Agatha Christie wrote sixty-six detective novels, sixteen volumes of short stories, and nineteen plays under her own name; she also wrote five romantic novels as Mary Westmacott. Surpassed by only William Shakespeare, Christie’s work has been more widely published, in more languages, than any other author in the English language. Not surprisingly, this amount of literary output, written with the sole purpose of entertaining mystery fans but nonetheless still going strong decades after the author’s death, would eventually invite a closer inspection by critics.
Many of Christie’s themes are found in Murder on the Orient Express: physical isolation, loose associations among suspects, the truism that “everyone has something to hide,” and an alternative brand of justice. The dead man’s killers did not plan on Detective Hercule Poirot’s presence on the train, and they did not count on the weather being so bad that the train would be stuck in the middle of what was then Yugoslavia. Without these two unexpected developments, the well-planned murder might have succeeded without a hitch, but the twelve murderers on the train had to improvise, had to alter their plans for revenge to account for the weather and for Poirot. The little improvisations, the little changes made by the suspects for the detective’s benefit, eventually led Poirot and his “little grey cells” to the truth.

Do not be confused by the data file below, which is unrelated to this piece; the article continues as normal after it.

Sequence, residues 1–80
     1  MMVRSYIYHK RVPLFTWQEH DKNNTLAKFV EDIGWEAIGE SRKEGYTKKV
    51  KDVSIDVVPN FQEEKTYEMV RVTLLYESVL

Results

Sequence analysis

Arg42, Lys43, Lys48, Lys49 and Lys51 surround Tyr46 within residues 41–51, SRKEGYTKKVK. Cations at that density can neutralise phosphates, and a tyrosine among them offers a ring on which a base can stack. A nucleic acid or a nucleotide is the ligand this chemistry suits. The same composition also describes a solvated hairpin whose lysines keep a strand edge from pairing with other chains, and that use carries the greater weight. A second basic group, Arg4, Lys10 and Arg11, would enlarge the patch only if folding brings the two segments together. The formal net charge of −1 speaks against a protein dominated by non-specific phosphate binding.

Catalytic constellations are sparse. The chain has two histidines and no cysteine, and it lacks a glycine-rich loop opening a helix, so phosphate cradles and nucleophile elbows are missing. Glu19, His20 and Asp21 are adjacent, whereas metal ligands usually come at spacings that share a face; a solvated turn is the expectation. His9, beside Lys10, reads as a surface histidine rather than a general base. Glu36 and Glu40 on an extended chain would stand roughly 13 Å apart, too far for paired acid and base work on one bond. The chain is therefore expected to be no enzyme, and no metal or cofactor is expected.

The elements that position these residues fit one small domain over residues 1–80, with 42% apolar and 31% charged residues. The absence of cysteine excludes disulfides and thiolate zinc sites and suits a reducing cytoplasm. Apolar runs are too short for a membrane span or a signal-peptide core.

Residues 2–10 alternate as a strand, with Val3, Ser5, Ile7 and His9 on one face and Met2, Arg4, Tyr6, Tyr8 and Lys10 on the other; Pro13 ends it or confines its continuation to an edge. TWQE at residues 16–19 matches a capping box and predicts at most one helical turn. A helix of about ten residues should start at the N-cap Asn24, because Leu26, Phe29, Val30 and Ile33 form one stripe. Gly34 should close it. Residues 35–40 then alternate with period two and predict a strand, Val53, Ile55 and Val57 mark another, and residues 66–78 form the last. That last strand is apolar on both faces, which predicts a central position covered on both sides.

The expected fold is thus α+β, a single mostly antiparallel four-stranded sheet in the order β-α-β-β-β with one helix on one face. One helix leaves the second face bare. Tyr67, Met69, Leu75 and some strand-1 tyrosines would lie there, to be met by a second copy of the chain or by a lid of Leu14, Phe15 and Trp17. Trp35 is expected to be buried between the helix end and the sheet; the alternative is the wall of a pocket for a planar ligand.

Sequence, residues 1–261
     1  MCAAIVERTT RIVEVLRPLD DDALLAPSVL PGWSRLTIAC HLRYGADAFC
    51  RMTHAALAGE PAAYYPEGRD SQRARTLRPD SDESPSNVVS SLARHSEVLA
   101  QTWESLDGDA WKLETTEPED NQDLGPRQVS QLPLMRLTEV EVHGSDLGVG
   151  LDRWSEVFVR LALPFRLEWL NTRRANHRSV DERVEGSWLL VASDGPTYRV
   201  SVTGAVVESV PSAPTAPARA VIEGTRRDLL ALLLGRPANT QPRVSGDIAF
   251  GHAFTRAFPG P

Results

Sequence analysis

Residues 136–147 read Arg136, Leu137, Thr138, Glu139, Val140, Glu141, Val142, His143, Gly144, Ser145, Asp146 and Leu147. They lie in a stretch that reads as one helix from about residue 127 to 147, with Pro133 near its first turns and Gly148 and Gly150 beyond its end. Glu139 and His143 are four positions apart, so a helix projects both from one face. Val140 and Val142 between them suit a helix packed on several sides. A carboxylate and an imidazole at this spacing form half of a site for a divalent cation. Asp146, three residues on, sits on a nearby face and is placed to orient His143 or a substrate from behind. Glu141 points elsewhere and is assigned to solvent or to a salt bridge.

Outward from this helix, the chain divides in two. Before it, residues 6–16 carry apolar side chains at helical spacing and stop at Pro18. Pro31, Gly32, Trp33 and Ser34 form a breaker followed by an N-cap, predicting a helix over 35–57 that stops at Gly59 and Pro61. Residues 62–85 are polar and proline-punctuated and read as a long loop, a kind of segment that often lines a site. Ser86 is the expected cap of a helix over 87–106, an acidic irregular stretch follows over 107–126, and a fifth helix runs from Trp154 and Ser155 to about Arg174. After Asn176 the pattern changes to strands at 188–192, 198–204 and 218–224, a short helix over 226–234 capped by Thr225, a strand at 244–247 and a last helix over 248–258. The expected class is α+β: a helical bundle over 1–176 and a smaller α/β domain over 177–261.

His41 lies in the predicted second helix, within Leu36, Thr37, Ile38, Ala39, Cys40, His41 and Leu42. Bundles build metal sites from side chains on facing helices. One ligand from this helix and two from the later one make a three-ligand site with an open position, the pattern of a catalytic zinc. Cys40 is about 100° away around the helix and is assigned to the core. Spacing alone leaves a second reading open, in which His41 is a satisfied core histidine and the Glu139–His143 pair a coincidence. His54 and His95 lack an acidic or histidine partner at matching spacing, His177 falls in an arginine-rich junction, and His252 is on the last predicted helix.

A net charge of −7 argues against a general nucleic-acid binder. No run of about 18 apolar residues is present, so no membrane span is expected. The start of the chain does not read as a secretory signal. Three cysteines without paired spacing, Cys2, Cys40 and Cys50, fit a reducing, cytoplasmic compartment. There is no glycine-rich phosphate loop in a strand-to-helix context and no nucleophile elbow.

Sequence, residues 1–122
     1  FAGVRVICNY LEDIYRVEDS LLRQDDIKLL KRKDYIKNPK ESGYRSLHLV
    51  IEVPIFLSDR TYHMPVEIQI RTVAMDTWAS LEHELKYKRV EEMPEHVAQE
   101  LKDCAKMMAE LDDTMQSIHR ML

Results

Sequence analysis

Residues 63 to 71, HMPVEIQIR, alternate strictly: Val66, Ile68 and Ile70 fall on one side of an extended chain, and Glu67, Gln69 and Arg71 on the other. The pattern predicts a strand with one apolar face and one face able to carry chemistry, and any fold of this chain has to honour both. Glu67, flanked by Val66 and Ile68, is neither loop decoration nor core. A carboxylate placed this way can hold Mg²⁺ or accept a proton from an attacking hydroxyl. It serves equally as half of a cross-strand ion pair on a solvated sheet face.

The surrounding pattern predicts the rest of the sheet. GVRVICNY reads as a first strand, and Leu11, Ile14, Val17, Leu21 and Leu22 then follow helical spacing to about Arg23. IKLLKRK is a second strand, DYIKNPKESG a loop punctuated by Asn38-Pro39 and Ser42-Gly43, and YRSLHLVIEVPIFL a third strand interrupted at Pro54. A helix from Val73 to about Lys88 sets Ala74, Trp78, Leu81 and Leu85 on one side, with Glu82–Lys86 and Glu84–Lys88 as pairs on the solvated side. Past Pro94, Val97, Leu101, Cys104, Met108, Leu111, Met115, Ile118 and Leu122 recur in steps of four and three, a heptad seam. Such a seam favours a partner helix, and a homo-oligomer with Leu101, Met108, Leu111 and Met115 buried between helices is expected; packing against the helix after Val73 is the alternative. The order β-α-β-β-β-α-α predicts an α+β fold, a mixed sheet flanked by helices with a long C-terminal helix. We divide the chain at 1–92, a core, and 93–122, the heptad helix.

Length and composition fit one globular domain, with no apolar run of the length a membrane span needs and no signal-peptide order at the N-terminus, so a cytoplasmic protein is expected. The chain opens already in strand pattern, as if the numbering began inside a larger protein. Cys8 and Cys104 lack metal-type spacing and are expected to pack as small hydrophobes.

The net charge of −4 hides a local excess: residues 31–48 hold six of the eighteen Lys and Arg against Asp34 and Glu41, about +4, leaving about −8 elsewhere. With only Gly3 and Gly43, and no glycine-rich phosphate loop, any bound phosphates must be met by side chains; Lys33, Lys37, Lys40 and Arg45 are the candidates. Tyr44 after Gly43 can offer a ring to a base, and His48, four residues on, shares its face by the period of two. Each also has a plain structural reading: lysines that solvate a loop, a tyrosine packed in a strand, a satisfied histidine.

Literary critics who have found their way to the detective and mystery genre have rightly applauded Christie for her ingenious plots, her clever twists and turns. Even so, there are few Christie novels that have drawn more attention, with equal amounts of admiration, imitation, and parody than Murder on the Orient Express.
Christie had already...
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